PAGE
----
Asian American poetry

Into motions and relations: metonic cycles with Myung Mi Kim

What won't subsume because time doesn't stand still

Schematic for the back of the Antikythera mechanism

Lamenta 315“Lamenta,” the longest series in Myung Mi Kim’s fourth collection, Commons (2002), is structured after the metonic cycle, a calendrical unit of nineteen years. A lunisolar measure, the metonic cycle encapsulates the notions of simultaneity, equivalence, and difference. It is the “period of whole days over which the visible lunar and solar periods almost resynchronize” (Dictionary of Weights and Measures). This re-synchronization suggests a confluence between two different measures of time, which can be identified without subsuming one order of measure into the other. Importantly, there is a remainder when these two cycles nearly meet: “the difference between the 236 synodic months and 19 mean tropical years is barely two hours.” A portion always exceeds.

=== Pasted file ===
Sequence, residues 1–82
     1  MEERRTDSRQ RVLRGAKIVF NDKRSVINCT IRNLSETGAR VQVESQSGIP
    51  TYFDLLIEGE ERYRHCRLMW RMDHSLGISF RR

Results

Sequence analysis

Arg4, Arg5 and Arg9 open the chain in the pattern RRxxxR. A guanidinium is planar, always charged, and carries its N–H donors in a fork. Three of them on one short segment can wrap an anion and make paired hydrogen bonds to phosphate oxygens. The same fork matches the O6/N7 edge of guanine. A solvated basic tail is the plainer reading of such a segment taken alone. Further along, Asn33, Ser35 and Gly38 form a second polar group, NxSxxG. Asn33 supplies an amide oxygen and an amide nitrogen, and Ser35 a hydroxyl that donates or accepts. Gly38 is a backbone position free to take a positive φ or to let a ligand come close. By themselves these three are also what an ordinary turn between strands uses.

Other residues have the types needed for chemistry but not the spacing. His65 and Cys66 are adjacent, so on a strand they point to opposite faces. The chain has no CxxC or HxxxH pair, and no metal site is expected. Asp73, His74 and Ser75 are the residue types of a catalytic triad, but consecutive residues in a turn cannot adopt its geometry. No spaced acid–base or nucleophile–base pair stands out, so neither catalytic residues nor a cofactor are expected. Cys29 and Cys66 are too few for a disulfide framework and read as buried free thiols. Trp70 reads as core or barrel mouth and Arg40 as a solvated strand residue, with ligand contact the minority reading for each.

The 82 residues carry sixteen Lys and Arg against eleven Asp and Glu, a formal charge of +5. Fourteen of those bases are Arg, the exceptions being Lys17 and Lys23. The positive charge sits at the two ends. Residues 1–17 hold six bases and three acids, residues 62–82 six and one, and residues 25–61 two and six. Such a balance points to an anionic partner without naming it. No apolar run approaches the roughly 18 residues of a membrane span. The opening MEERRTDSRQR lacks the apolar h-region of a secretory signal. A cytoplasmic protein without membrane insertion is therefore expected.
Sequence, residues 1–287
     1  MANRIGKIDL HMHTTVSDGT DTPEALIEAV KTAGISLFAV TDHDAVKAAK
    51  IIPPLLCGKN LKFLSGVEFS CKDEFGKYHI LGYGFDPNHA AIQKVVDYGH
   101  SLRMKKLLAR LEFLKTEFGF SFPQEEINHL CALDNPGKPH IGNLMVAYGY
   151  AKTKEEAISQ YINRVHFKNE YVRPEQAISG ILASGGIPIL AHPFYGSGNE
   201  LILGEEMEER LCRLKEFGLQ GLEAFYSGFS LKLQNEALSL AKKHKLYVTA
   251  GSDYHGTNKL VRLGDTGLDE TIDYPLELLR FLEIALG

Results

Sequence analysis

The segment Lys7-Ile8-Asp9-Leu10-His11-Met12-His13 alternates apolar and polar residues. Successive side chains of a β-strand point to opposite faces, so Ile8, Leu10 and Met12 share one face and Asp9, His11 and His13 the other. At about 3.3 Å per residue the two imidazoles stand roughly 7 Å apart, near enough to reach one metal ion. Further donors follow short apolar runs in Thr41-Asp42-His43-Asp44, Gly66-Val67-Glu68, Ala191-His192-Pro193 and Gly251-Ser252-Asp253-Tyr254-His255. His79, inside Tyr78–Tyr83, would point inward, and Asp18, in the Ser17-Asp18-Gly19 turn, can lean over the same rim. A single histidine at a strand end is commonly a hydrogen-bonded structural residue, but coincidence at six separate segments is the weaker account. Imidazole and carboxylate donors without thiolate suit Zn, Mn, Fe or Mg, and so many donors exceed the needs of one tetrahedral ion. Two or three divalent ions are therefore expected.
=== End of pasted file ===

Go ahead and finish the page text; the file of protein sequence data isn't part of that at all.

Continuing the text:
Erasing the third dimension

Tan Lin's moving echo

One of the ways an experience of time is produced in poetic contexts requires engaging our body's memories, such as how we hear a sound. The way sound decays in a space, or how it moves and dimishes across a duration of time, engages our ability to take note of the unfurling present moment. It's a particular attention, fixated on a deeply embodied phenomenon that reinvigorates our ability to locate ourselves in the world. To invoke a sound is to invoke the body in present time. 

I find this link between sound, the present, and the body richly explored by Tan Lin's digital poem, “Echo,” archived at UbuWeb. An echo reflects sound waves back to the listener, often in a diminished manner.

Time Text Body Noise

The way the line never ends

When I was thinking about a motif or query that could help focus my Commentaries here at Jacket2, I kept returning to a central question about time. The way that we experience and imagine time is directly shaped by the quality of our attention and the terms of our engagement. There are many areas of interest through which I could engage this experience of time (film, for example), but while commentating here, I shall limit myself to the way that language operates in poetic contexts.

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